live recording onto cassette

Hi all,
I have an AP-118 PA mixer which I ran (using a 1/4 inch to rca cable) into a "studio standard", cassette recorder. I use this for recording live performances. Mainly a four piece band. My problem is that I get alot of fuzz recorded onto the tape aswell. Is there anything I can do to illiminate this problem?




Senior Team Emeritus
Premium Member
Is the fuzz from the guitars or is it impendance issue? Keep in mind that tape will sound much warmer and not as sterile as digital recording. Naturally the tape will sound a bit fuzzy and analog, the "warmth." Great for guitar tracks. Try adjusting the levels. You may have a conflict with the mixer and cassette recorder. You're probably using balanced outs into the casette's unbalanced inputs. You'll have to work that out via adapter or inpedance converter. A low tech solution would be to simply balance the levels so that the recorder does not distort or "fuzz".


Well-Known Member
Ya, all my experience with tape decks has been fuzz city. My solution, dump a buch of $$ into a 8 chanel computer interface with mic preamps and all sorts of good stuff so I can record right to my computer without having to worry about the annoyances of tape... Probably not an answer you were looking for, but....

I guess, although you have probably already done it, just mess with the levels of everything until you find a happy middle between lack of fuzz and enough volume to hear what is going on. I might also recamend pluging something else into you mixer and see if the fuzz is comming from the mixer, or is just being generated by the tapedeck. If it's the mixer.. well, ya, you know where to start looking for your problem and the same idea goes with the tapedeck, you'll know where to start looking (eather way, looking at the cables as Jeff said)


Wireless Guy
Premium Member
You mention you're using a quarter-inch to RCA adaptor, but you don't mention if the 1/4" is TS or TRS. If it's TRS (which is more than likely), you're going to need a TRS to TS transformer to unbalance the signal, ideally placed next to the tape deck if it is a long cable run. Be sure you run TRS-TRS from the console to the transformer. From the transformer you can convert to RCA and go into the tape deck.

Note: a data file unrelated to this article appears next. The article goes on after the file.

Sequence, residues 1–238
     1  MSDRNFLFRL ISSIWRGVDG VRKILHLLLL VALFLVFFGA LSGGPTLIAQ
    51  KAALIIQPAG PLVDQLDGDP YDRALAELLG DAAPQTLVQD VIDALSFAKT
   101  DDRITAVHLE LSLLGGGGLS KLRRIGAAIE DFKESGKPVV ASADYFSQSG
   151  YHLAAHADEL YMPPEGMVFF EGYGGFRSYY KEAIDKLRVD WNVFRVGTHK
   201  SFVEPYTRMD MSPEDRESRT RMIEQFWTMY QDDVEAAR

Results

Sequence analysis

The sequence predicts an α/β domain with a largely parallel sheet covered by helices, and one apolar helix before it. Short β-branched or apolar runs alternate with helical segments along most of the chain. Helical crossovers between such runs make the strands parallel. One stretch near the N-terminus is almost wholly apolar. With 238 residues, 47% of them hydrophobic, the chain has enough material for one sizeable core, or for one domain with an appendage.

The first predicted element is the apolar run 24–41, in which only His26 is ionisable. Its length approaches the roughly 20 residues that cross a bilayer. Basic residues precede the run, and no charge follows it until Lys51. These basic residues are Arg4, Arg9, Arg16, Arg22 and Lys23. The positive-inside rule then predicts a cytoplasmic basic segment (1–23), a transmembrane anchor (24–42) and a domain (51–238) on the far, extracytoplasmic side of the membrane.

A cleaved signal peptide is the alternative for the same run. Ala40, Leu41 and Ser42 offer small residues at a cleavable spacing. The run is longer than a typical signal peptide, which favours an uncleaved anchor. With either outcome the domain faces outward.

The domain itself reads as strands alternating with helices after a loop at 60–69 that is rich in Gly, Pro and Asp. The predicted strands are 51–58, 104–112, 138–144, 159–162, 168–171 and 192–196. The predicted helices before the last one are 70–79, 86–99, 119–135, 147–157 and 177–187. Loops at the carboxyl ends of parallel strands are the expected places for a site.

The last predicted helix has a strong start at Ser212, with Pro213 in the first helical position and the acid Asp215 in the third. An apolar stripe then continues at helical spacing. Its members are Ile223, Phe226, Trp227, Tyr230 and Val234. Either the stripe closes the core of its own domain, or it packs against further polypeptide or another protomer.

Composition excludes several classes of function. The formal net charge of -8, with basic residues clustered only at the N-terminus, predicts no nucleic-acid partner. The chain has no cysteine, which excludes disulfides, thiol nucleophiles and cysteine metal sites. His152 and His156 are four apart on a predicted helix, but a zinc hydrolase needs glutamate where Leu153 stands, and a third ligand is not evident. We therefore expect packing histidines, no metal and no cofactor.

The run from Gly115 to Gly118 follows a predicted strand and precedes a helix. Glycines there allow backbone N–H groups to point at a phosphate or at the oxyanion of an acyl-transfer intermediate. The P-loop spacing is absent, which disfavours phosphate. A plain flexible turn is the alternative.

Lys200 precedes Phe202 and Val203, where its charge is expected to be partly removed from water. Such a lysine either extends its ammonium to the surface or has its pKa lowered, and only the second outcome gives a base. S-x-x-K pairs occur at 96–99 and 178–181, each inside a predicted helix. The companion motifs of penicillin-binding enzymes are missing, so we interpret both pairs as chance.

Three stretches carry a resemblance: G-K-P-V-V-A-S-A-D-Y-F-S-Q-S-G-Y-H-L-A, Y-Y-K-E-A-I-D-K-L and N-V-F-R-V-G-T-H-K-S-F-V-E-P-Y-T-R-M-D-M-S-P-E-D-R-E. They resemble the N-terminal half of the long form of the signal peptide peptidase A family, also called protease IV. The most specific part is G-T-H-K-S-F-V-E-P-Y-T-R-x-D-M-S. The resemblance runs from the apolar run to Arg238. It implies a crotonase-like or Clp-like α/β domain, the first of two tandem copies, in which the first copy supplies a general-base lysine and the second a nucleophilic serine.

Also, it may seem obvious, but clean your tape deck and use only new tapes! That will help to cut down on the fuzz. Also, calibrate everything to work at an appropriate level - e.g., don't have a really hot signal come into the tape deck. Your board may be putting out +4 dBu, and your tape deck definitely takes -10 dBV. If this is the case, you need to (a) turn it down on the board or (b) get a pad.


Not a New User
Fight Leukemia
is the deck also plugged into a tape-in anywhere?that could cause ground loop intereference!


Active Member
Premium Member
There's one that I'm surprised nobody's made more mention of yet (or perhaps not, since I'm a few years older than many here, and cassettes phased out of popularity as I was growing up--I can actually remember when music stores started to change from being mostly tapes with a few shelves of CDS to mostly CDs with a few shelves of tapes, and now to mostly CDs with a few shelves of DVD-As!).

Have you cleaned the tape heads in the machine? Dirty heads can certainly make things a lot fuzzier. They're harder to find these days, but an online search should easily turn up head-cleaning kits, both that you can apply manually and that have an automated mechanism in a tape cassette that cleans the head for you.


P.S.-I just noticed that avkid did mention to make sure the machine is clean and that you use new tapes, so he did hit this point, although buried at the end where you might have glossed over it :)
cassette Bad idea man............the quility alone is a great reason onto record to it.
a million thanks for all the advice guys,

I am stuck, at least for the moment, with the current setup so my job is tragically to make it work.
On the subject of tapes, I use, short length, brand new, metal oxide. Usually a brand name. Heads are clean.
The first thing I did was play with the levels. Lower fuzz comes with lower volume. There is more fuzz on the recording than comes out of the mix and I have selected the post fader out.
One thing is that I run the signal into the tape deck and then out into channel 16 & 18, left and right, in order to play back and show the people what they sounded like. (they love the fuzz)
Assuming I have quality cables and the whole thing is grounded where else should I look to troubleshoot?

Thanks again



Wireless Guy
Premium Member
Andy_Leviss said:
P.S.-I just noticed that avkid did mention to make sure the machine is clean and that you use new tapes, so he did hit this point, although buried at the end where you might have glossed over it :)

Ahem...*raises hand* I made that comment. :) I do admit it was buried at the end, however.

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